Peter Wallison writes,

it is my view that only the failure of a large commercial bank can create a systemic breakdown, and that nonbank financial firms–even large ones–are no more likely than GM to have this effect. For that reason, I would not designate any nonbank financial institution (other than a commercial bank) as systemically important, nor recommend safety and soundness supervision of any financial institutions other than those where market discipline has been impaired because they are backed by the government, explicitly or implicitly.

…As support for its proposal, the administration cites the “disorderly” bailout of AIG and the market’s panicked reaction to the failure of Lehman Brothers. On examination, these examples turn out to be misplaced. Academic studies after both events show that the market’s reaction to both was far more muted than the administration suggests. Moreover, the absence of any recognizable systemic fallout from the Lehman bankruptcy–with the exception of a single money market mutual fund, no other firm has reported or shown any serious adverse effects–provides strong evidence that in normal market conditions the reaction to Lehman’s failure would not have been any different from the reaction to the failure of any large company. These facts do not support the notion that a special resolution mechanism is necessary for any financial institutions other than banks.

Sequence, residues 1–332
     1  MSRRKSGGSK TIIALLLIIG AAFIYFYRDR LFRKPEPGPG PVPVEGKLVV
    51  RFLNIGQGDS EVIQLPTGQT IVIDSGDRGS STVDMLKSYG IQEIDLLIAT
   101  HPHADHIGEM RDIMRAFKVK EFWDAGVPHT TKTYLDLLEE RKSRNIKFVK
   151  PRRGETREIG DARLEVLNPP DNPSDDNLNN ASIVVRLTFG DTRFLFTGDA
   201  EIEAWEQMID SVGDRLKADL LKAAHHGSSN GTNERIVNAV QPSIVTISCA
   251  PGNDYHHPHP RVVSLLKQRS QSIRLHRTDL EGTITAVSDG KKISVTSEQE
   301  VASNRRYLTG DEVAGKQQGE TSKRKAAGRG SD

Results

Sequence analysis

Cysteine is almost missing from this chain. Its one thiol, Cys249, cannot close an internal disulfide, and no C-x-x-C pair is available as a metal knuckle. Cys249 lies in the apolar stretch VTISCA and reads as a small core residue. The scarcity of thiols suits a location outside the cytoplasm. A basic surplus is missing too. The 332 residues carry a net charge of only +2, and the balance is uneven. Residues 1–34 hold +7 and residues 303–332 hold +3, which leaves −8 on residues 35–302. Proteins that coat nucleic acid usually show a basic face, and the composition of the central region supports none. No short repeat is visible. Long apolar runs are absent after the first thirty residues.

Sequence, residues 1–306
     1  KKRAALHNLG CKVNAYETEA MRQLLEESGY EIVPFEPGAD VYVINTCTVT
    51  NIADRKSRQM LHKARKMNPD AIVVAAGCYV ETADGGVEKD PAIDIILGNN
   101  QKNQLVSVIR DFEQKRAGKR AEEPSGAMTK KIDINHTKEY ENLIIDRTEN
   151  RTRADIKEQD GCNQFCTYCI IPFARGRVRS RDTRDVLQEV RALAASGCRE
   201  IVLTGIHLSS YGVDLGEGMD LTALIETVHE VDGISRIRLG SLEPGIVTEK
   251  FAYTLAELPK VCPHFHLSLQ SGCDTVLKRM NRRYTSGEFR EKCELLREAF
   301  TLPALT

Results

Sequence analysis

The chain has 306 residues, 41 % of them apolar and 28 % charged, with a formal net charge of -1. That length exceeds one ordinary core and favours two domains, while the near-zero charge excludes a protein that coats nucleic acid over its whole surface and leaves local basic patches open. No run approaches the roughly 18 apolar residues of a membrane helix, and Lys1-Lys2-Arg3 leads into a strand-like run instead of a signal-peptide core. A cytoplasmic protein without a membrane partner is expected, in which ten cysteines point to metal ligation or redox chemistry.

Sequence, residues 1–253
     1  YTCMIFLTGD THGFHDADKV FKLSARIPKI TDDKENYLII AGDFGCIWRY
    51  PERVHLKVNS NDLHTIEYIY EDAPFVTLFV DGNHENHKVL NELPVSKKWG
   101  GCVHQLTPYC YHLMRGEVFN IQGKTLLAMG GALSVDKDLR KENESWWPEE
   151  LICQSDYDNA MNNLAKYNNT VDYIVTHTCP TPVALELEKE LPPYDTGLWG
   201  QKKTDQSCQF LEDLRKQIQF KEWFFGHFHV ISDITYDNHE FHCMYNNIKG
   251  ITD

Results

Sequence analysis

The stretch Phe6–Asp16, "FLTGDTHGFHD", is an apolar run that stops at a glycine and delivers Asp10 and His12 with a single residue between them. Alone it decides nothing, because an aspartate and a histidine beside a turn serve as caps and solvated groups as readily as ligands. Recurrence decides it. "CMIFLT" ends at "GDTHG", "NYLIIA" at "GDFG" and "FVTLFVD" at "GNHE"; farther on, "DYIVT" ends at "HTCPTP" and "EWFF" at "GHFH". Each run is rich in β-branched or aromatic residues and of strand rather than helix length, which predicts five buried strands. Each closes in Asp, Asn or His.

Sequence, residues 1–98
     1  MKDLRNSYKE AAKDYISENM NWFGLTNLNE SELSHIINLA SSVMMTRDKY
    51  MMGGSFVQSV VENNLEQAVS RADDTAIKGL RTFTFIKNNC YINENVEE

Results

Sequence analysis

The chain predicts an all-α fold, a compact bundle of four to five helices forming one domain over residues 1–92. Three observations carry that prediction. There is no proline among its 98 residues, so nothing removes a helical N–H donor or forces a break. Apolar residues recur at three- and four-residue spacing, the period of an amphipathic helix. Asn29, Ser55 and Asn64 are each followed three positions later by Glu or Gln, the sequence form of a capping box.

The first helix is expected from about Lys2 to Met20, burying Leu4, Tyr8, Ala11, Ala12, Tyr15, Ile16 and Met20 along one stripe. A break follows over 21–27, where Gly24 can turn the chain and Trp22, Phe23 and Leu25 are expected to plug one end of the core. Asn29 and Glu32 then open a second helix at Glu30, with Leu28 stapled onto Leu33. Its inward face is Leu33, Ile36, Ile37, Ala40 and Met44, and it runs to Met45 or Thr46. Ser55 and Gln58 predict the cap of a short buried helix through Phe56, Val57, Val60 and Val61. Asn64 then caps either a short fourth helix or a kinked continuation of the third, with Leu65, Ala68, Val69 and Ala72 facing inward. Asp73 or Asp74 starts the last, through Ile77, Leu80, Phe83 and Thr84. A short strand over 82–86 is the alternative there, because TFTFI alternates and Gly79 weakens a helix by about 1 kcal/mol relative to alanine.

Read the whole thing. I would like to believe that Wallison is right (and I have no evidence that he is wrong). If he is right, then we can implement at least part of what I advocated yesterday, when I said that under my preferred regime, “As long as you’re not a bank, you are free to fail any way you like.”

Those who disagree with Wallison and me need to spell out their arguments.